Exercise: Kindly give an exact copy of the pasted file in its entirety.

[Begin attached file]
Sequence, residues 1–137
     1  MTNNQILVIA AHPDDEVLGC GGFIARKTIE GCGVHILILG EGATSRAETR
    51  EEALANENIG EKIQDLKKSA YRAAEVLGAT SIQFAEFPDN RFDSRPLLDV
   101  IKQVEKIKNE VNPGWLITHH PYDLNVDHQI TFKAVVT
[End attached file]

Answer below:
Sequence, residues 1–137
     1  MTNNQILVIA AHPDDEVLGC GGFIARKTIE GCGVHILILG EGATSRAETR
    51  EEALANENIG EKIQDLKKSA YRAAEVLGAT SIQFAEFPDN RFDSRPLLDV
   101  IKQVEKIKNE VNPGWLITHH PYDLNVDHQI TFKAVVT